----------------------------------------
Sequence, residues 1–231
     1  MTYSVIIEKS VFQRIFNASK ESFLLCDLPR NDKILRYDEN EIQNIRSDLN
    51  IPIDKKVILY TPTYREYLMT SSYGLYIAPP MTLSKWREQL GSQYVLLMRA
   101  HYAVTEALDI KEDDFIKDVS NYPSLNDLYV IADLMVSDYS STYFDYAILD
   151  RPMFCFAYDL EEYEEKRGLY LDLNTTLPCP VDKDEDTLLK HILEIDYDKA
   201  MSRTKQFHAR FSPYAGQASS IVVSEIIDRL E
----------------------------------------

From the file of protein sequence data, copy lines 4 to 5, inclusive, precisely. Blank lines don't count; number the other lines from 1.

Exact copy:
   101  HYAVTEALDI KEDDFIKDVS NYPSLNDLYV IADLMVSDYS STYFDYAILD
   151  RPMFCFAYDL EEYEEKRGLY LDLNTTLPCP VDKDEDTLLK HILEIDYDKA